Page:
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  • Sheri Rivlin Allan Rivlin

Why Isn’t Congress Doing Enough to Fight Climate Change?

By Sheri Rivlin and Allan Rivlin


The DividedWeFall.org website (no relation to our book with the same name) just published our civil exchange with Matthew Huber of Syracuse University about what will be necessary to really take the danger of our warming planet seriously. There was not much difference between our view and Matt Huber’s on many of the larger points: the reality and immediacy of the harm to the planet, the inadequacy of Washington’s response to date, and the need for extraordinary Congressional action and soon. We differ in meaningful ways on language, tactics, and political strategy to get from where we are to where we need to be.


Huber states that the 2022 Inflation Reduction Act was “woefully insufficient to address the climate crisis,” he supports a full scale mobilization of the public sector along the lines of the Green New Deal to fight climate change, and he calls for political revolution, as Senator Bernie Sanders uses the term, so our elected leaders will follow the will of the voters rather than the oil companies that fund their campaigns. We agree, strongly, with most of his assertions, except that last part. Congress is doing too little but not because the oil companies own their votes, but sadly, because voters do not have enough will to push Congress to support the Green New Deal policies we need.


We encourage you to read the exchange where Huber makes his case forcefully and eloquently and we respond with our call for a national consensus for bipartisan action to address climate change. We need more public education and environmental activism because do not yet have broad national support for the dramatic efforts to fight climate change such as the Green New Deal if it involves any measure of sacrifice from consumers in the form of higher taxes or higher energy prices. This last part does not show up in every public opinion poll, because it is easy to register large majorities in favor of specific elements of the Green New Deal, but the Green New Deal as a whole gets lower levels of support, and this can be turned to opposition with simple messaging that the green new deal would send taxes and gas prices higher. Still, there is reason for optimism that this is could soon change.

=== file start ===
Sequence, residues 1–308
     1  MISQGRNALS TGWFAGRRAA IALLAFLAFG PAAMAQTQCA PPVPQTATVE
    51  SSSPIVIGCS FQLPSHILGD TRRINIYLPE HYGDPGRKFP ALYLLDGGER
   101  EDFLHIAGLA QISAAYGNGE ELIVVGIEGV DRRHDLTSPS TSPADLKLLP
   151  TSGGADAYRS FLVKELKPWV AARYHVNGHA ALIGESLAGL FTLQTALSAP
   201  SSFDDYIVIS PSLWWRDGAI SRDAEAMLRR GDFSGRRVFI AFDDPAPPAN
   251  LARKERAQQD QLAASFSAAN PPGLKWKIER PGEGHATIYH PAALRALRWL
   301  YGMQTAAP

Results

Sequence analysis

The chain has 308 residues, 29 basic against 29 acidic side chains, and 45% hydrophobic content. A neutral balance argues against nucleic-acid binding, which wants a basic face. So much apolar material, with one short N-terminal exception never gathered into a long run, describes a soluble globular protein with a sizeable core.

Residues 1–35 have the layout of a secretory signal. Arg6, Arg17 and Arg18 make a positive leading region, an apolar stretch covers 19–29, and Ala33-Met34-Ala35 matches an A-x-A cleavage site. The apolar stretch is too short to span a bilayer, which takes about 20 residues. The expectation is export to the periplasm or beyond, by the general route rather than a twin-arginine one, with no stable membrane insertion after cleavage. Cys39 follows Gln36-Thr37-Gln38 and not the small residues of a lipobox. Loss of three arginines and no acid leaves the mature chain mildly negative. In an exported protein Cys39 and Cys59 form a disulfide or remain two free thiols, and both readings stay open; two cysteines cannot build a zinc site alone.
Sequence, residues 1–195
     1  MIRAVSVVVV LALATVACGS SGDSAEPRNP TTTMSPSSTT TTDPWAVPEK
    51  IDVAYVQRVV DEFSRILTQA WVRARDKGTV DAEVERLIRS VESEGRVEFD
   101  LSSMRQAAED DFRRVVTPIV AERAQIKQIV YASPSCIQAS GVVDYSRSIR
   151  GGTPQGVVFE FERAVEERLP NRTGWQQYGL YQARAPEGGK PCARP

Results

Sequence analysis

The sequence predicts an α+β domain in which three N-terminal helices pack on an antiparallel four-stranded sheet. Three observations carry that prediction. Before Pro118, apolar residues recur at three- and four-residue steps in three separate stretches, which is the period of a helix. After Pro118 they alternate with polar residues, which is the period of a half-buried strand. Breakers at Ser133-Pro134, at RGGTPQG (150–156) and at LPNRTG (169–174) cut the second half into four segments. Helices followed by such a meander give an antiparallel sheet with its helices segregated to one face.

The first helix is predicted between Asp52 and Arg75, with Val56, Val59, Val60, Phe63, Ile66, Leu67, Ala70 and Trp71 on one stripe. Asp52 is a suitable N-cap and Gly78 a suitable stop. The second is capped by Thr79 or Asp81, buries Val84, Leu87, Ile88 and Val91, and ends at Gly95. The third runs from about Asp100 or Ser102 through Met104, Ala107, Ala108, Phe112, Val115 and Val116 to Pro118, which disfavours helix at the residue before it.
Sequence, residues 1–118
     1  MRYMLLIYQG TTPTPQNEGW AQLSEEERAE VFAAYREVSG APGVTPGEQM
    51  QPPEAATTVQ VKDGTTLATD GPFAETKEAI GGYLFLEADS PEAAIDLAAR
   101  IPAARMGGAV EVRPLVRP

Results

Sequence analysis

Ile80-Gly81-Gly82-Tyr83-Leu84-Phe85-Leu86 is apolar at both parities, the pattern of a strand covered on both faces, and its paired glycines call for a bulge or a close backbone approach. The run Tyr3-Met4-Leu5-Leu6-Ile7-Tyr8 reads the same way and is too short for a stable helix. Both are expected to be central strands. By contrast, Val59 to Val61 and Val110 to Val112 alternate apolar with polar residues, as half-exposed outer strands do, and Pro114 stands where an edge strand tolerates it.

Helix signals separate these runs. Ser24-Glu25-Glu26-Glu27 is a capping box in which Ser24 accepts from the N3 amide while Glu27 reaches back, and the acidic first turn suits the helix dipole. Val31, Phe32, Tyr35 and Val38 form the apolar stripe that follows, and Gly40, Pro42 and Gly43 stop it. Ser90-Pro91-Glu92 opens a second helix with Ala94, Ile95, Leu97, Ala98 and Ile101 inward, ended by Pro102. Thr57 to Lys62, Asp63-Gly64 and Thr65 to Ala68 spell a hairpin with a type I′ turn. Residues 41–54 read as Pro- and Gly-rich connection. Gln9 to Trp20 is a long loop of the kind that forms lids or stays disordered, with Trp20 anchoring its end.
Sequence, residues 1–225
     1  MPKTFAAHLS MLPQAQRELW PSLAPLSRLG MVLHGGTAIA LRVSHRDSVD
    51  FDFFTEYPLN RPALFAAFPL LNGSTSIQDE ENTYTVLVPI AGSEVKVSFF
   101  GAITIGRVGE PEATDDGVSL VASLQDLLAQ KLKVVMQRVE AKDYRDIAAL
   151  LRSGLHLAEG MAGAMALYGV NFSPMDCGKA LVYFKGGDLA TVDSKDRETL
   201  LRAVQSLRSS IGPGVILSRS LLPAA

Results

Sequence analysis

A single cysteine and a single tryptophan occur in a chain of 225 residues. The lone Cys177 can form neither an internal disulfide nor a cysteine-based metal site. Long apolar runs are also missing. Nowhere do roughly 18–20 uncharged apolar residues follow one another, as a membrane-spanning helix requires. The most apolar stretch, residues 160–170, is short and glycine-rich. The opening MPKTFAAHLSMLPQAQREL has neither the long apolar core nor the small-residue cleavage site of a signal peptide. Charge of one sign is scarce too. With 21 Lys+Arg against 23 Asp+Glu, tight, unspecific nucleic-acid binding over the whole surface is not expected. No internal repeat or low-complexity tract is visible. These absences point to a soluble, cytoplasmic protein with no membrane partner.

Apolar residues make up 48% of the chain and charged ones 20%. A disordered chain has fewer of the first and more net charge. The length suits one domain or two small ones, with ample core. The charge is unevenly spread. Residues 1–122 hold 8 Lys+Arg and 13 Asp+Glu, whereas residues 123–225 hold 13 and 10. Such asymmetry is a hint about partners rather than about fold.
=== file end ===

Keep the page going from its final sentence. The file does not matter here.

The combined effects of climate scholars like Huber raising the alarm, with the arrival of tangible effects of climate change in the form of stronger hurricanes, more frequent tornadoes, droughts, forest fires, and rising sea levels are bringing the future predicted in Al Gore’s 2006 book and movie “An Inconvenient Truth” into our present lives. It will also help that a new generation that is squarely focused on this issue is rising into voting habits and will be replacing their grandparents in the electorate. Public opinion, generally and within both political parties, is moving in the direction of support for decarbonization, but it has not yet moved far enough to drive a congressional mandate for action.


When the public reaches a consensus judgement that we must act boldly to protect planet earth, even if it means higher taxes and or higher energy prices, congress can be expected to act even if it is in defiance of the wishes and campaign donations of the oil companies. It likely will be too little for many environmental activists, and we can all agree that is will be far too late, but history proves America can mobilize to fight any challenge when Americans are united in by a clear and increasingly present danger.


Here again, is the link to our exchange with Matthew Huber on DividedWeFall.org.

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